- Implementation and other stakeholders: In order to realise the potential benefits of DEPA and minimise the risks, it is important that the tool is implemented in a transparent, consistent, and secure manner. This will require close collaboration between the government, the private sector, civil society, and other stakeholders and the development of clear and effective regulations and standards.
- Lack of infrastructure, connectivity and the availability of a skilled human workforce.
- Potential misuse of data and information in some sensitive sectors such as health, agriculture, etc.
- Issue of ownership and governance of data generated and collected in some sensitive sectors such as health, agriculture, etc.
- Way forward for DEPA:
- Data governance has to be a process in evolution that is agile and responsible. But it has to be built upon fundamental rights, values and norms and on regulations that balance the interests of all stakeholders.
- These concerns must be addressed through strong and robust data protection regulations, the development of ethical and responsible data governance practices, as well as effective and accountable oversight mechanisms.
- The term “data sovereignty” refers to the principle that a country has the right to control the collection, storage, and use of data within its borders and also to the informational self-determination of citizens over their data.
- India’s establishment of an India Data Management Office (IDMO) is a step forward in the country’s journey towards data sharing and data governance.
- The IDMO is expected to oversee and coordinate the implementation of India’s digital strategies and data governance framework, and to ensure that these efforts are aligned with the country’s values and priorities.
- It will also work to promote the development and implementation of open-source solutions, which will help to ensure that underlying data architectures are a social public good, and to promote digital technologies to become accessible and affordable for all.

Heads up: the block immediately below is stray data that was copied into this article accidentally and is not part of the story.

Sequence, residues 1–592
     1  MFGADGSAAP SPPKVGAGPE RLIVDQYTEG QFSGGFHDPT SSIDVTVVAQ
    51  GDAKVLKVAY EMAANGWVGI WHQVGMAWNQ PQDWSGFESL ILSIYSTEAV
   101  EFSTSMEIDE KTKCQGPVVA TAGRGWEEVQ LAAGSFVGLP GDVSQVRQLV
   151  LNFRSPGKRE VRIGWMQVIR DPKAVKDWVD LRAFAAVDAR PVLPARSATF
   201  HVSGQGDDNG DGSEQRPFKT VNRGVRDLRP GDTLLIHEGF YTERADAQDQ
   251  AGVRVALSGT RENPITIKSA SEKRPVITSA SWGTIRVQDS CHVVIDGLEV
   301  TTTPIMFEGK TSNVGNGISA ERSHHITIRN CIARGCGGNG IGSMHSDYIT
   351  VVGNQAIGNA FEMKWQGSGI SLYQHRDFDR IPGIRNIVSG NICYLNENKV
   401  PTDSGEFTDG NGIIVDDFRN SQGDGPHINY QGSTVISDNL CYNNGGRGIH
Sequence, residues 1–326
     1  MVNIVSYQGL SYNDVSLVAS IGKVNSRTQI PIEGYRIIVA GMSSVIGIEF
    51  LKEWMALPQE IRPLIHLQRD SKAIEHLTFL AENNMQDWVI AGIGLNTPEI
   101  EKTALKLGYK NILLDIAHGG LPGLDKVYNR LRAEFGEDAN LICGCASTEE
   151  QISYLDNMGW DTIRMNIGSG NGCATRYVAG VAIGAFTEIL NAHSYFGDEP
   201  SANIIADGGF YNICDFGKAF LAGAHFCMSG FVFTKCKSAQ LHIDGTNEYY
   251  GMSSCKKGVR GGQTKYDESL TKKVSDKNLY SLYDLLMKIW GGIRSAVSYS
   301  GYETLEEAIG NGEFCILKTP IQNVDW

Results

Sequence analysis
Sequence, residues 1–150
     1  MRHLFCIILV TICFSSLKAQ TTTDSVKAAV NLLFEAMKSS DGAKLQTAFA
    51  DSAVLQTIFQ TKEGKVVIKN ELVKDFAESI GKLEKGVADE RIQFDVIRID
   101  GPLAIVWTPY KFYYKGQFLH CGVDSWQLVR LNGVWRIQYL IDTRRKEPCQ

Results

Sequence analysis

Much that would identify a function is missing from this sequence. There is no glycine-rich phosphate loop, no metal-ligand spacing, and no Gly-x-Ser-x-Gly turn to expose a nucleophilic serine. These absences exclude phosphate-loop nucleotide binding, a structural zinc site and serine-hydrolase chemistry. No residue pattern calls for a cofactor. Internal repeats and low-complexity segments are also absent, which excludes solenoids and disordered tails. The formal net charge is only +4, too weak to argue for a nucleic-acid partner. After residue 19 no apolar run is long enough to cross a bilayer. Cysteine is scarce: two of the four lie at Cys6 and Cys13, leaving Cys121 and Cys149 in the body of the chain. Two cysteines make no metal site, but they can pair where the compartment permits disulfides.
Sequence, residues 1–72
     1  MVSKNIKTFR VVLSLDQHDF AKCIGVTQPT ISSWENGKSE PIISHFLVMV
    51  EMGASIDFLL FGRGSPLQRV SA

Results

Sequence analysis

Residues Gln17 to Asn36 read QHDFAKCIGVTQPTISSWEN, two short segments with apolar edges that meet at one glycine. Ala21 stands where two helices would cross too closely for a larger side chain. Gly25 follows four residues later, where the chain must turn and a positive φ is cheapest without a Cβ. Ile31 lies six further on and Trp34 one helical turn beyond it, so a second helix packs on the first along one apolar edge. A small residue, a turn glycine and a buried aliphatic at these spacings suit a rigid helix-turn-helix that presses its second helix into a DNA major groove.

- Again, this is a great opportunity for India to develop solutions that can be adopted and adapted in other countries. Open source and open innovation models can be important alternatives to proprietary solutions that are governed by big tech companies.
- India Stack is the collection of Application Peripheral Interfaces launched by the Government of India. This includes BHIM, Digilocker, UPI, and several other applications.
- The components of this collection are owned and maintained by different agencies.
- Aadhaar products such as e-auth and e-KYC are owned by the Unique ID Authority of India.
- eSign is a technology specification which is maintained by the Ministry of Communications and Information Technology.
- Digilocker is owned by the Ministry of Electronics and Information Technology.
- UPI is owned by the National Payments Corporation of India.
- The Account Aggregator framework is regulated by RBI and its technology standards and owned by ReBIT.
- The challenges of digital infrastructure, privacy protection, data security, and responsible data governance must be addressed before these advancements can be fully realised in other sectors.
- Further, it is essential that the India Stack is designed and implemented in a way that is consistent with India’s broader development strategies.
- This will help to ensure that the data governance is aligned with the country’s values and priorities, and that it supports, rather than undermines, the development of a secure, more egalitarian, and trustworthy digital future for all.
- In this, India has a unique opportunity to develop and implement a data governance regime that can become a model for other countries.